In the early 1900s, a Dr. Arthur C. Parker, who hails from a Native American lineage, convinced the Boys Scouts of America to celebrate a day for the “First Americans”. Nearly a century later, President George H. W. Bush declared November 1990 as the first Native American Heritage Month, which continues to be celebrated now. According to the official government website, “The purpose of this heritage month is to not only celebrate the legacy of the indigenous Native Americans, but also to celebrate those who continue to shape our society, lead their communities, and impact our culture today.”
American University Media Services invites you to celebrate Native American Heritage this month and beyond with our wide collection of content available for members of the AU community.
This year, we want to feature 5 of our favorite Native American movies made by Native filmmakers, with genres including documentary, horror, coming-of-age, and more.
Awake: A Dream from Standing Rock (2017)
Awake is a documentary on the Dakota Access Pipeline Protests (#NoDAPL movement) that took place in Spring 2016 at Standing Rock Indian Reservation in North Dakota. The documentary recounts the peaceful protests held by The Lakota Souix tribe against the construction of the pipeline that threatened the upper Missouri River, the only water supply for the Standing Rock Reservation. It was the largest gathering of Native Tribes in the past 100 years. It cuts together amazing cinematographic work like drone shots of beautiful Standing Rock with jarring scenes of shaky iPhone camera footage of protesters being arrested with force by law enforcement.
Awake is co-written and narrated by activist Floris White Bull’s voiceover and executive produced by #NoDAPL movement ally Shailene Woodley, both of whom were arrested for trespassing at Standing Rock. A must-watch.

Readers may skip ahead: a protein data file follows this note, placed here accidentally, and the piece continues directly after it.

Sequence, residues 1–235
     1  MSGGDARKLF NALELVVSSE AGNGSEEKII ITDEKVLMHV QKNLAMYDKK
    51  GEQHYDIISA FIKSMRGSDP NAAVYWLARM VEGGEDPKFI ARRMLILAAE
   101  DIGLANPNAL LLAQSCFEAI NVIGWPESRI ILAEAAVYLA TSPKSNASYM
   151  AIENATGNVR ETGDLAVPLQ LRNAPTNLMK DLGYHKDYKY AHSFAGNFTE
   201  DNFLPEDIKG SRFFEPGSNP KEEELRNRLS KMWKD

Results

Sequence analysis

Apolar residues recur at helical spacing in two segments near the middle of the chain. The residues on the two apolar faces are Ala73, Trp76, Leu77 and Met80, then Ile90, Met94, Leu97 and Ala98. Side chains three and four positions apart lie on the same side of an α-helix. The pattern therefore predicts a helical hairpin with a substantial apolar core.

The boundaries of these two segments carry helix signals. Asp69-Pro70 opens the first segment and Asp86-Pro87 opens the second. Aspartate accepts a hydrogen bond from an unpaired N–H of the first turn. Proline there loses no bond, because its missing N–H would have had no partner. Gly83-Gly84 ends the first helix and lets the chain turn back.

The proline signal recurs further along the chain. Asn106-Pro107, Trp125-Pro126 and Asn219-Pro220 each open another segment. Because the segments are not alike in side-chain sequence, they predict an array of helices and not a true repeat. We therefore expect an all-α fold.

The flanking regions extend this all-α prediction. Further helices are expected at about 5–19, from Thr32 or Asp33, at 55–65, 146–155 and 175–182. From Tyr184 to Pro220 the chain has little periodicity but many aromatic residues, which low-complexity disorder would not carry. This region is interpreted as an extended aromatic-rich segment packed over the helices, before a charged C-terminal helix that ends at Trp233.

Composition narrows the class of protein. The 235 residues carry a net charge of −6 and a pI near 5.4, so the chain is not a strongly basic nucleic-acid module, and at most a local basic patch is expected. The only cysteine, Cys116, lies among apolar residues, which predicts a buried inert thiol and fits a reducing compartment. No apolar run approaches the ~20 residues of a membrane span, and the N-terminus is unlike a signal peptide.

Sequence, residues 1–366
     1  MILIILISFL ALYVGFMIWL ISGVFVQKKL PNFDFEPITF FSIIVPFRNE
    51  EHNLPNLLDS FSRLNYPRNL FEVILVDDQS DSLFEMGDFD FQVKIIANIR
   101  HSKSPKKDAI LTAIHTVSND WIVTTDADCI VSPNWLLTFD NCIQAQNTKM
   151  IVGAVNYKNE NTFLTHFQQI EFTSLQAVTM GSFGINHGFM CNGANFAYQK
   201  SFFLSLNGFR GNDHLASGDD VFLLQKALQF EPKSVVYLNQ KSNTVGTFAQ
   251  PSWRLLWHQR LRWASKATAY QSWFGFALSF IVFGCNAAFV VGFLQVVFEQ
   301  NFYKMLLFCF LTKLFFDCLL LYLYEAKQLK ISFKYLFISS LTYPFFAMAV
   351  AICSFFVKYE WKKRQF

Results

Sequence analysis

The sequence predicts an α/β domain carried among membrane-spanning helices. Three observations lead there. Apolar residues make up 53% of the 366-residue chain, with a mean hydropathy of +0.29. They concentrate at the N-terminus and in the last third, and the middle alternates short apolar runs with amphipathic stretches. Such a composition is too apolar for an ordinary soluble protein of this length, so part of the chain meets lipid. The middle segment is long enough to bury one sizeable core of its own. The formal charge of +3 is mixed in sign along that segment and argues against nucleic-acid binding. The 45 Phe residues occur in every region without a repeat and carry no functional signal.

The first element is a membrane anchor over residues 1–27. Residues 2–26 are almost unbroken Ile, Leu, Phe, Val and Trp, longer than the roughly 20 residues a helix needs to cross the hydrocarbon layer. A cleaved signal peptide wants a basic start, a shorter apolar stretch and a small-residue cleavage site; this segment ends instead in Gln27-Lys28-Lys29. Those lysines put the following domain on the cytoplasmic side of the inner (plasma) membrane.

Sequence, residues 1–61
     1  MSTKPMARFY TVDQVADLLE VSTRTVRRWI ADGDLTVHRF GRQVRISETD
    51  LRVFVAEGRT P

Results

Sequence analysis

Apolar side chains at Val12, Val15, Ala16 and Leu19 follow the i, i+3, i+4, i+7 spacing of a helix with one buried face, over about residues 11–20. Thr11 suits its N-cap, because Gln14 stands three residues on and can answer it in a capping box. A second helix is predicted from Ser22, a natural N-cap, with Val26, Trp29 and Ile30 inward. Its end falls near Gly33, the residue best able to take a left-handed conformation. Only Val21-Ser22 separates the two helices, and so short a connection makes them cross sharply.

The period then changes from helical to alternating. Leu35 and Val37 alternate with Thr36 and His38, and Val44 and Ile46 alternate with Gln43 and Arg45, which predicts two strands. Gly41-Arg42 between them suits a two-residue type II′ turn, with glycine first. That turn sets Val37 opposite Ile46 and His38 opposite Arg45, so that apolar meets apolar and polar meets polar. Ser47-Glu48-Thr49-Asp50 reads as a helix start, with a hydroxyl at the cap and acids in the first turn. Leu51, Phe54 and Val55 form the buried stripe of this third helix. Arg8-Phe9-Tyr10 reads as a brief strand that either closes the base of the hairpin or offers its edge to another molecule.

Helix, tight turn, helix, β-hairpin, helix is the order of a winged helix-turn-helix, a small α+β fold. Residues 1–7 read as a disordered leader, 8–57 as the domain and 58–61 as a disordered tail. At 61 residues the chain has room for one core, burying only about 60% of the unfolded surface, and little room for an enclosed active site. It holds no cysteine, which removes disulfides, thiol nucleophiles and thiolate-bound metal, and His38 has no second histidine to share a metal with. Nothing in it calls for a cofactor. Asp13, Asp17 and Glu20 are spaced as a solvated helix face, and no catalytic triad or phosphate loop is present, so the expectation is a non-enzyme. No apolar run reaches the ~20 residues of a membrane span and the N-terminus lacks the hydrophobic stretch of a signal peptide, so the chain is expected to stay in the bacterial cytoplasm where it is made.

Barking Water (2009)
Originally debuting at the 2009 Sundance Film Festival and later receiving the award for best drama film at the 2009 American Indian Film Festival, Barking Water is a touching road movie featuring a dying man and his former lover traveling across rural Oklahoma to visit his friends and family.
Atanarjuat: The Fast Runner (2001)
Atanarjuat: The Fast Runner is a an epic drama that retells the story of an Inuit legend passed down for centuries. It is the first feature film to be written and acted in the Inuktitut language, and features a cast made up of Inuit actors.
Smoke Signals (1998)
Smoke Signals is a coming-of-age comedy-drama that tells the stories of two Coeur d’Alene Indian boys, Victor and Thomas, grappling with very different perspectives on Victor’s alcoholic father who saved Thomas from a fire as an infant. This film was added to the National Film Registry by the Library of Congress in 2018 for being “culturally, historically, or aesthetically significant.”
Rhymes for Young Ghouls (2013)
Rhymes for Young Ghouls is a Canadian horror film depicting the abuse of First Nations children in government-mandated residential schools and a teenage girl’s desperate attempts to stay out of one. This film premiered at the 2013 Toronto International Film Festival and has since won numerous awards, including Best Canadian Film at the 2013 Vancouver International Film Festival.